Consider the case of a person who is not consciously processing memories or examining habits. A person in this situation becomes increasingly programmed to begin to believe that these memories and habits define the possibilities for her existence. While this can give a person a sense of security, continuity and stability, the danger is that one’s life increasingly takes on the characteristics of a carousel ride. One goes around in circles, maybe even moving up and down on a particular horse, but at the end of the ride, a person finds that she is in the same place she started. While there may be perceived benefits in this approach to life, growth is stunted and positive changes usually come very slowly and with much pain and struggle.

In my experience most of us define ourselves largely by our perceived limitations, shortcomings, mistakes, moral failings, addictions, disabilities, challenges, and wounds. Isn’t it often the case that we use words like “can’t,” and “I’m not” when we think about ourselves? Are these things actually true? Or do we say, think, and act upon these kinds of limited and limiting thoughts because we are afraid of what it would mean if they weren’t true?

What if these stories we tell ourselves are actually lies? For the moment, let’s assume that they are. If that's the case, then who are we really? If we base our lives upon lies, will we ever realize even a tiny fraction of the possibilities available to us? Will we even risk the possibility of bumping up against something unknown? What’s the point when we will not pass through the fog of fear and doubt to see what lies beyond?

Identity is part of what helps us make sense of the world. It is part of the foundation that under girds our perceptions and categorizations. But if our sense of self is not strongly linked to real things, we cannot really trust our perceptions. Our perceptions are warped and distorted, making terrors out of trivialities and treasures out of trinkets. Ask yourself, are you living inside a scary snow globe?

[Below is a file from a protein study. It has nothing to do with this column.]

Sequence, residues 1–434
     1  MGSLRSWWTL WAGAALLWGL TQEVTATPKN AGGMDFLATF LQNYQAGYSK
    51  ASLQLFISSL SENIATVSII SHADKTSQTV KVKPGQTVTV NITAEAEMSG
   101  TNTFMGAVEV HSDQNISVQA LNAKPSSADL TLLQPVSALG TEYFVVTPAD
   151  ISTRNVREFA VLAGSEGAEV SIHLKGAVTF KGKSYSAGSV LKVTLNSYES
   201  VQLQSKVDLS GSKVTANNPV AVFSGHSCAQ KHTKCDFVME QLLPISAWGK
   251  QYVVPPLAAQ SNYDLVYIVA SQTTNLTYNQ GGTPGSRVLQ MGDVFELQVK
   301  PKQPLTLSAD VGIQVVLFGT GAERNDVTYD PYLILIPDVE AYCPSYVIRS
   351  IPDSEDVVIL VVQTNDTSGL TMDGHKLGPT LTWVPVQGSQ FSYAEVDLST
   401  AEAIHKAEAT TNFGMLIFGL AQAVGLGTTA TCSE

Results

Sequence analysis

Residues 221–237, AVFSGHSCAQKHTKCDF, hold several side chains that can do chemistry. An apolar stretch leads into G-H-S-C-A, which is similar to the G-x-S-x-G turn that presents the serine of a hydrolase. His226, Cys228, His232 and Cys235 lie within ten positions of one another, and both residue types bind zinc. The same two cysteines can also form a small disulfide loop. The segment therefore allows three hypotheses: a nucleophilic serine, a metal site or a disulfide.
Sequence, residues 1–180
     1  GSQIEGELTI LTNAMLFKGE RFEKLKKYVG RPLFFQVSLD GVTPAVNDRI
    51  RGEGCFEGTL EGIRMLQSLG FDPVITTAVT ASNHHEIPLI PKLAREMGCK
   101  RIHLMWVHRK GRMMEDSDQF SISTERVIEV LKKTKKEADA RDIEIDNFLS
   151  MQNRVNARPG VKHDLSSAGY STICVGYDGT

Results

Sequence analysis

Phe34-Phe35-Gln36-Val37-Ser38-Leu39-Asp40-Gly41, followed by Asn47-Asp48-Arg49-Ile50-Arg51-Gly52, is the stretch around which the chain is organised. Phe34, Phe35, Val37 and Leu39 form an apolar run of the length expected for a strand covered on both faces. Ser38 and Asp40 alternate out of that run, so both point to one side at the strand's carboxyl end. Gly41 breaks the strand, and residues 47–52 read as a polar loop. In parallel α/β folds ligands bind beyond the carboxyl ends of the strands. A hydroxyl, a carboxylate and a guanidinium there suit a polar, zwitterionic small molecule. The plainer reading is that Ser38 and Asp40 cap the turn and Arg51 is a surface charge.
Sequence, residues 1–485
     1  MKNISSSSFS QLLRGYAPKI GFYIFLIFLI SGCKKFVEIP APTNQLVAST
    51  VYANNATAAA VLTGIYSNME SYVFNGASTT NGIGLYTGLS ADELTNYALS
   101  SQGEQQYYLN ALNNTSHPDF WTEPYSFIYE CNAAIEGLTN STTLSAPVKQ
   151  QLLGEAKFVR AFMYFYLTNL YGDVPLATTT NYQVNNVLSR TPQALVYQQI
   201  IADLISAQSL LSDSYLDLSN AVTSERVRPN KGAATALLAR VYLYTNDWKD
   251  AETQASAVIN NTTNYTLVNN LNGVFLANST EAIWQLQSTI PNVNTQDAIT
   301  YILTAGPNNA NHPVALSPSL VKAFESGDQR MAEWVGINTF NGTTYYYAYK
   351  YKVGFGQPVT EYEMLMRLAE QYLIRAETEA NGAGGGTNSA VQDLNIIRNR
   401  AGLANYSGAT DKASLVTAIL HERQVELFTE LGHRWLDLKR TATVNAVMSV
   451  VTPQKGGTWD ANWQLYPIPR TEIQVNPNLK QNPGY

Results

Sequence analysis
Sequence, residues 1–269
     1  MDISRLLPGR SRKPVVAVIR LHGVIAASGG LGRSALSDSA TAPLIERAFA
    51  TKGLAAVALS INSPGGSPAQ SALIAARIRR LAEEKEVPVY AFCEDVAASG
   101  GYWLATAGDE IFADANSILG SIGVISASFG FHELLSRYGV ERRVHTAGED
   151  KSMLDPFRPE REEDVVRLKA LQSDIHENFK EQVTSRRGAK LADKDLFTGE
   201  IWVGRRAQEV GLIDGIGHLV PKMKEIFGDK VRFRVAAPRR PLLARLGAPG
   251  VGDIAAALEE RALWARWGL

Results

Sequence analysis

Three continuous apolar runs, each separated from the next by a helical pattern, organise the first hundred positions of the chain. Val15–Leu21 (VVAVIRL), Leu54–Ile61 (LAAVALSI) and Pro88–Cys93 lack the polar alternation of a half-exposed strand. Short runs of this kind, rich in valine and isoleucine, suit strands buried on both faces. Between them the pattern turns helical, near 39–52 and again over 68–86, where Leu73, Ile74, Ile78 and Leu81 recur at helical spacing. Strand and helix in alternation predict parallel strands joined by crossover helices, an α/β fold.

Our defense mechanisms do not constitute the real I of our identities. They are temporary attachments to the wonderful I that lies behind the strategies we have developed to protect ourselves from the disappointments and dangers that accompany real living. I know that there are powerful temptations leading us to cling to an imprisoned self in exchange for a false sense of predictability, security, and stability. I wrestle with these demons daily.

As long as we remain unwilling to leave our security systems behind, we will be imprisoned by our past patterns. I encourage you to do something, anything that you can think of that might scare you a bit, but that would also feel good if you were to actually do it. Even taking the smallest step in a new direction can begin the process of expanding your ideas about who you really are. The truth is that none of us have experienced more than a tiny fraction of all that we really are and all that we can really do. By doing this simple exercise, you can begin to experience a world with broader horizons, higher skies, and more of everything that you are longing to give and receive, helping yourself and others to play in a universe of ever-expanding possibilities. This is why we are here, whether we realize it yet or not.